Tag Archives: Reduction

Fact check of Obama’s budget: is there really $4 trillion in deficit reduction?

Here’s a story from the House Budget Committee, where Paul Ryan is the leader.

Paul Ryan made these two charts to help him discuss Obama’s new budget with Obama’s budget director.

Debt Increase in President's Budget
Debt Increase in President’s Budget


Actual savings is 410 billion, not 4 trillion
Actual savings is 410 billion, not 4 trillion

Watch these clips to see Paul Ryan and Scott Garrett use the charts to do nasty things to Obama’s budget director.

Clip 1 of 3:

Clip 2 of 3:

Clip 3 of 3:

Guy Benson discusses both videos at Townhall.com.


Ryan does a masterful job of puncturing Zients’ arguments, but let’s reiterate a few points that may have gotten lost in the shuffle.

(1) The White House is claiming that spending cuts within the Budget Control Act of 2011 — which is entirely separate from the FY 2013 budget — should count as savings “achieved” by their new proposal.  This is silly on its face, but crosses into laughable territory when one recalls that throughout much of the debt fight, President Obama adamantly opposed a cuts-for-debt-ceiling-hike quid pro quo.  He was on the record in favor of — demanding, in fact — zero cuts. Republicans dragged him into the BCA against his will; now he’s trying to take credit for that past action in next year’s budget.

(2) The White House says Obama’s budget “saves” $850 Billion by not fighting two wars at peak spending levels for another full decade.  This money was never proposed because the scenario is pure fiction.  These risible “savings” represent a White House bear-hug of Moon-Yogurt accounting. “Heaven help us” is right.

(3) Zients’ isn’t able to recall how much money this budget adds to the national debt.  You’d think the White House Budget Director would have that figure committed to memory (he likely does, but doesn’t want to admit it on camera), but let’s help him out:  The budget he’s defending adds nearly $11 Trillion to the debt, on top of the roughly $5 Trillion increase over which this president has already presided.  I seem to recall an infamous Right-wing zealot calling this sort of governance “unpatriotic.”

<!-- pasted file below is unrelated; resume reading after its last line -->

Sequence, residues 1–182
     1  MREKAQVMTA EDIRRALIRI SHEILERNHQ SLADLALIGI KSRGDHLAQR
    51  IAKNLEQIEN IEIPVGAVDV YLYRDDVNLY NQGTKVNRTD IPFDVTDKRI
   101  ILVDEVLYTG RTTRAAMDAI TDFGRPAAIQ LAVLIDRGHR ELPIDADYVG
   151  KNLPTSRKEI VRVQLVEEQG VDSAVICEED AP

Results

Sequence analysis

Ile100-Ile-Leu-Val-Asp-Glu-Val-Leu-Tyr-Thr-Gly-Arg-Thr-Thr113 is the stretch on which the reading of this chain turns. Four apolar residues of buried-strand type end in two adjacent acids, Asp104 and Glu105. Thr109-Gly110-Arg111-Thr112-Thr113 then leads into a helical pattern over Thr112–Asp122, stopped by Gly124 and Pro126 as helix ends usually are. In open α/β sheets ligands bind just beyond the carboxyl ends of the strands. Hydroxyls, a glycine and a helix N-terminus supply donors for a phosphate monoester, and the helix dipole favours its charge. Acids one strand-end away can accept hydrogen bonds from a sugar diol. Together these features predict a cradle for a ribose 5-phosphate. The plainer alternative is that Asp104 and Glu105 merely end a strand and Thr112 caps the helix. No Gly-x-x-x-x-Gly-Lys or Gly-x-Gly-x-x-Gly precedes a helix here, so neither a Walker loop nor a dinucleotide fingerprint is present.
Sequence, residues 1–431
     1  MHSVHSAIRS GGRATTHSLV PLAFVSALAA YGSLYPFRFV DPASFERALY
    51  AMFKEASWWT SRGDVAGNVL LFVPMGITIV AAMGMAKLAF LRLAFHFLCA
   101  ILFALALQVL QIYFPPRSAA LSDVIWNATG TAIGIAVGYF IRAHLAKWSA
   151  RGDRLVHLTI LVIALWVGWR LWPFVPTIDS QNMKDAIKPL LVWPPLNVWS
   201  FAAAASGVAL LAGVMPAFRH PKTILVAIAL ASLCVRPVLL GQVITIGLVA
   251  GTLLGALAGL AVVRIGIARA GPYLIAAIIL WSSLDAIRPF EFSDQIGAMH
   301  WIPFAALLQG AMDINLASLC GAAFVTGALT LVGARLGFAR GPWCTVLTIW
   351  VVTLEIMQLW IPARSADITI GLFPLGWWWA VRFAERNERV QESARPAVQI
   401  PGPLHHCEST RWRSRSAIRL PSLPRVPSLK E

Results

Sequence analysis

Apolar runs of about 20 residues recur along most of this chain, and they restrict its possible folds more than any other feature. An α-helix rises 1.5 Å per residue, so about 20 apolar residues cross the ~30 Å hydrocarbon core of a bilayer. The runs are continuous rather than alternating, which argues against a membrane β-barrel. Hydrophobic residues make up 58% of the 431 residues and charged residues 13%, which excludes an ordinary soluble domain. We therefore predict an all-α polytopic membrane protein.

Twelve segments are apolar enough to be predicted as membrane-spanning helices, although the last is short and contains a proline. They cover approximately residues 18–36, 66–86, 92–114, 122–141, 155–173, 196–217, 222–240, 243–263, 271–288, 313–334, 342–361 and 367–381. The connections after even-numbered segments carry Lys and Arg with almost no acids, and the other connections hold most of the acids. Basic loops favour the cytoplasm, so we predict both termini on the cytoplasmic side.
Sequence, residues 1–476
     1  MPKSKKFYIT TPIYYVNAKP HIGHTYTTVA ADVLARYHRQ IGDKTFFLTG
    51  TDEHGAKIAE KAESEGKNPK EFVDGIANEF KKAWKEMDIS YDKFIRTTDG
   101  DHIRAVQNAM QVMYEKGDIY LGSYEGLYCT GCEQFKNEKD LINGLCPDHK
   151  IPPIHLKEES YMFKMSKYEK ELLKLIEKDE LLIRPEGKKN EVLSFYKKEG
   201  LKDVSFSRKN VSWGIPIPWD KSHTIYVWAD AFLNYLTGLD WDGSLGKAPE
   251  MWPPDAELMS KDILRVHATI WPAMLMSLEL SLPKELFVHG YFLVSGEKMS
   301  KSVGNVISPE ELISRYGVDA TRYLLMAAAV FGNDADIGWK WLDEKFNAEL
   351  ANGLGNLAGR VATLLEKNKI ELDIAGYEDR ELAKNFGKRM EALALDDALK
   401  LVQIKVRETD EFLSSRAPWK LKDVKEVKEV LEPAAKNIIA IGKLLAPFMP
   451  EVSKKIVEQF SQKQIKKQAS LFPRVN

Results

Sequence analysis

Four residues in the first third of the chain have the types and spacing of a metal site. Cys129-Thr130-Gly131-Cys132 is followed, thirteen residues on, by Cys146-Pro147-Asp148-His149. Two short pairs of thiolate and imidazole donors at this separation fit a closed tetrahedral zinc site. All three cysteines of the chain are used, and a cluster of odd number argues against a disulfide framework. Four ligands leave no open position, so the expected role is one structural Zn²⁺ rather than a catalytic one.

Next, we have Rep. Scott Garrett, a strong conservative from Northern New Jersey, asking Zients when the president’s budget comes into balance.  Zients refuses to directly respond to the question, perhaps because the correct answer is “never”…

Indeed, the closest Obama’s budget ever comes to balancing (expenses = revenues) within the ten-year projection window is 2017’s annual deficit of $617 Billion, which is still more than double the size of President Bush’s average annual deficit. Finally, Garrett lures Zients into a trap over Obamacare.  Garrett asks if a family making less than $250,000 per year (“the rich” cut off) is subject to a tax increase if they fail to comply with Obamacare’s individual mandate…

The president sold Obamacare to the public by characterizing the resulting mandatory pay-out as a “fine,” not a tax increase.  He even mocked George Stephanopoulos’ suggestion that it met the dictionary definition of a tax hike.  Once the law passed, however, the administration’s lawyers pulled an about-face and have defended the mandate in court by arguing that the fine is, in fact, a tax increase after all.  Zients has apparently reverted back to the outmoded argument, thus undermining his own administration’s legal defense of their signature “accomplishment.”

What I find frustrating is the media does such a poor job of vetting these “4 trillion dollar” claims that Obama makes. Sometimes, I wonder why anyone listens to mainstream media at all. What do you really learn?

MUST-READ: A medical doctor explains how Obamacare fails patients

This American Thinker essay is awesome, and was sent to me by ECM.

The author gives the physician’s perspective on Obama’s government-run health care plan.

First, Pollard explains that Medicare is not providing good service now because it is rationing care.